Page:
These days, Samuel is less inclined to play in bars and nightclubs. “I don’t perform in clubs anymore. Playing in dance halls and bars is not always enticing. You often times entertain people who drinks a lot. It happens that they pour liquor on you,” he says. In the hands of a less-gifted musician, such comments might sound like the worst kind of posturing. But Samuel is slowly and surely building a catalogue of material to back his quite confidence. His precociousness isn’t about his success, but lies in the quality of his work, how fully he’s absorbed the lessons of his teachers and elders. Samuel’s choice of material—including tunes from the golden era of the 50s and 60s —combined with his knowledge of piano made his works promising. He also shows a thoroughly modern concept with some of his choices and stylistic preferences. “I take traditional music and turn it around,” he says. Talking about his inspiration, he says, “Some say ideas come to them when they are in some other engagements. For me, that is not the case. I don’t compose music while walking. If I have to, I have to sit down and work.”
Asked why there are few pianists in Ethiopia, Samuel said that for the many graduates out there, it is no easy to get started. “You might have the skill and training. But the thing is piano is a huge and expensive instrument. A recent graduate of Yared can’t afford to buy it. You could even work for ten years and still can’t afford to buy it. This is one of the reasons why many graduates find it hard to embark on the job. I was lucky for having to have a modest piano.” Samuel also says the Ethiopian music market tend to ignore the piano, favoring the accessible electric keyboard.
Although highly appreciated by those who had the opportunity to hear him playing, a barrier remained between his talent and broader recognition. He continued to play at social events and concerts such as the Alliance Ethio-Franicase’s Ethiopian Music Festival. Suddenly the situation was reversed.
In 2006, Samuel joined the Ethiopian collective, Dub Colossus, with a kaleidoscope of influences ranging from brass-backed Ethiopian dance songs to reggae classics, comprising female vocalist Tsedenia Gebremarkos, Azmari diva Mimi Zenebe, jazz saxphonist Feleke Hailu and Teremage Woretaw, a traditional folk singer. With the band, he made his first tour of Europe. When their first set, ‘A Town Called Addis’, was released back in 2008 it was hailed as an inventive fusion album, with its blend of contemporary and traditional Ethiopian styles, jazz and dub reggae. Since then, he has been exhibiting the class of his keyboard jazz at other WOMAD festivals such WOMAD Las Palmas, WOMAD Australia/New Zealand. “ Two years ago I played with Dub Colossus at UK’s Charlton Park and last year I was an invited guest. “ This year he played with Dub Colossus and gave his own solo performance. “This one was one of the best for me. I rubbed shoulder with artists such as Alpha Blondy, Asa, Booker T, and many more,” he says. “Performing with Dub Colossus is a great experience for me because it showed me the other side of creativity. The musicians are really great and I took many lessons from the producer Nick Page,” he added.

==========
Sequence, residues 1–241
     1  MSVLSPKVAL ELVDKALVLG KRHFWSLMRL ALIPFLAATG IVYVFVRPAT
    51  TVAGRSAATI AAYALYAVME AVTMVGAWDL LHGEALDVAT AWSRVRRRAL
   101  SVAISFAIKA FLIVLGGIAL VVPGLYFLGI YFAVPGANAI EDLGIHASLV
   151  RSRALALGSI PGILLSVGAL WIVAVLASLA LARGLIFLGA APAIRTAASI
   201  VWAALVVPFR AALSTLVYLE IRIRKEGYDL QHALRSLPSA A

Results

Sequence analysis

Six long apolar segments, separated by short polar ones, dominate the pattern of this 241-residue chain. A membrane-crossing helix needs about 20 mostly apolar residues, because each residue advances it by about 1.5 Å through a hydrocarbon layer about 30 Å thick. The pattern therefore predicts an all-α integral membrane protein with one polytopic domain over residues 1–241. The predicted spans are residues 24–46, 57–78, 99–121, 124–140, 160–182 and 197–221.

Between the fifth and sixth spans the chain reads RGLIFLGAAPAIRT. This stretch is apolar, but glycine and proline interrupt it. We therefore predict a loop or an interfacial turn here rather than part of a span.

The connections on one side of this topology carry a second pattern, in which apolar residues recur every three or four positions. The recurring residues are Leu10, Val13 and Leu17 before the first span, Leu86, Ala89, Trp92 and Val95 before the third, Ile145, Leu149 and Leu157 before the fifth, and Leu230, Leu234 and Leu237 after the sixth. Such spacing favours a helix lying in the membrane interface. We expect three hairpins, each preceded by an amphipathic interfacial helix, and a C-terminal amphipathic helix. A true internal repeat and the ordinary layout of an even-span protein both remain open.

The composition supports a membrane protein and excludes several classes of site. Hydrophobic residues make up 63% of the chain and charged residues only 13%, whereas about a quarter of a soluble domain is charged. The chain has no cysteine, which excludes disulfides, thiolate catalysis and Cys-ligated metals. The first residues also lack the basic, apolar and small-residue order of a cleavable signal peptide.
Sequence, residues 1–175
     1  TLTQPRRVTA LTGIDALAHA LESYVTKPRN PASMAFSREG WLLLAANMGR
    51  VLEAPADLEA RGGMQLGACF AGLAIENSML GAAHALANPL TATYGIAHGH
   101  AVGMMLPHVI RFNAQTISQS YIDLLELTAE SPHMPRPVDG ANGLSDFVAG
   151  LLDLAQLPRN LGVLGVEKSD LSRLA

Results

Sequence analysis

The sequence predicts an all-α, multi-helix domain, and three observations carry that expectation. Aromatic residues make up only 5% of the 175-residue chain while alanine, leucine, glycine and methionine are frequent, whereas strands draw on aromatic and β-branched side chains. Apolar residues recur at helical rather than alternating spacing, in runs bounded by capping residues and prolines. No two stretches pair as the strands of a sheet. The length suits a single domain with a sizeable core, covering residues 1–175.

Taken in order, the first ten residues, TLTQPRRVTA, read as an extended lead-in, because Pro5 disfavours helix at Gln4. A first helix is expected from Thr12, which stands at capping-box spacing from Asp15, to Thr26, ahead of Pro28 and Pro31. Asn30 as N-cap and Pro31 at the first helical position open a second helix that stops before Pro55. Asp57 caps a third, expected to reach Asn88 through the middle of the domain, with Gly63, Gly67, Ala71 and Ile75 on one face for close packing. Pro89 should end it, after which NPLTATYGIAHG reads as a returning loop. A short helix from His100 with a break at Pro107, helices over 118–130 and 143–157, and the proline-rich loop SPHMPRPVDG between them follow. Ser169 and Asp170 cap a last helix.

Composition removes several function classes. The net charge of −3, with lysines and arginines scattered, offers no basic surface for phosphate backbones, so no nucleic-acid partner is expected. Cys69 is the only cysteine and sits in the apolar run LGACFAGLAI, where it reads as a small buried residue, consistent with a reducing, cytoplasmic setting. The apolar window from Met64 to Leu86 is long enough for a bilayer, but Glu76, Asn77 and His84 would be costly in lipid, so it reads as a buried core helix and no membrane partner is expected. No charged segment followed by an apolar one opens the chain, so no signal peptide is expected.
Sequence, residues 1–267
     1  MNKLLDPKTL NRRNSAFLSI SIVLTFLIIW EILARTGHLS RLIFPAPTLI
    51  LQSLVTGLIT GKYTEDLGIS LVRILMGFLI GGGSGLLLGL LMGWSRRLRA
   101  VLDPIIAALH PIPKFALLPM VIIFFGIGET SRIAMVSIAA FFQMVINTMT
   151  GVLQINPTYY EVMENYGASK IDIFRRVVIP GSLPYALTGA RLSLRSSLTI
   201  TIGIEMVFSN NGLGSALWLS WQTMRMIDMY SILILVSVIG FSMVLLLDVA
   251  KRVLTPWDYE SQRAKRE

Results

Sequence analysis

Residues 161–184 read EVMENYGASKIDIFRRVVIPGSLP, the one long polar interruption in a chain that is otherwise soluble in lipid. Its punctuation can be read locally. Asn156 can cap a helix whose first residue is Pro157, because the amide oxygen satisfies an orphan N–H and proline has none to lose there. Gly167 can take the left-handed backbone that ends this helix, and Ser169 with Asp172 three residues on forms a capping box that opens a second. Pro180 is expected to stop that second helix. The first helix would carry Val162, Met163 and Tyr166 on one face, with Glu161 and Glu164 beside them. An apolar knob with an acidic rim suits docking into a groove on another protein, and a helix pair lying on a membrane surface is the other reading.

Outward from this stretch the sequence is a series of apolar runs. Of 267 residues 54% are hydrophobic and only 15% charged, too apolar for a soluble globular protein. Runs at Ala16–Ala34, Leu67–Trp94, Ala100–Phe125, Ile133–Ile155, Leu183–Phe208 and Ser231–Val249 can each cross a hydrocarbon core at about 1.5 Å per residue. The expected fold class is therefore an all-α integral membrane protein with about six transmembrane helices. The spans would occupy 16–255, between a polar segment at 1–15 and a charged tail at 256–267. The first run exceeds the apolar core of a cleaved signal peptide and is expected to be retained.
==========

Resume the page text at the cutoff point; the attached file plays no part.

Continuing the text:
He still has other projects on the go. With Dub Colossus, there will shows in four different countries in Finland, Austria, London and Singapore on November and a solo concert in Germany too. He is also planning to have a show in the United States.
Samuel’s debut release, “Hagere” is a concise demonstration of his talent and playing- described as both ‘bold and sensitive, often improvised, always deeply impassioned.’ “It is a kind of Ethio-jazz but still with my style of playing. Some traditional element and pop are mixed in to it. But in all, I have my own flair. It will be like a menu of what I can do in the future,” he explains.
Asked to describe what it like was to play solo, Samuel said it was very challenging. “Every task falls on you. You’ve got to be brilliant and skillful. As solo pianist, you’ve got to accompany yourself and should create vibes around you and try to engage the audience. So it could be tough,” he said.
However, because of the price and copyright issue, he said the album will not be available in Ethiopia. “To sell one album with 270 birr in Addis will be impractical. But I’m planning to find a way to do concerts in Addis,” he says.
Samuel says the US- based Ethiopian pianist Elyas Negash is one of his favorites and called him ‘a great pianist’.
Samuel is relishing the tour and the prospect of artistic growth. His new recording is sure to do nothing but boost his standing.
To find out more about Samuel Yirga’s music and to hear samples, visit WOMAD’s website.
(photo couretsy Mario Di Bari)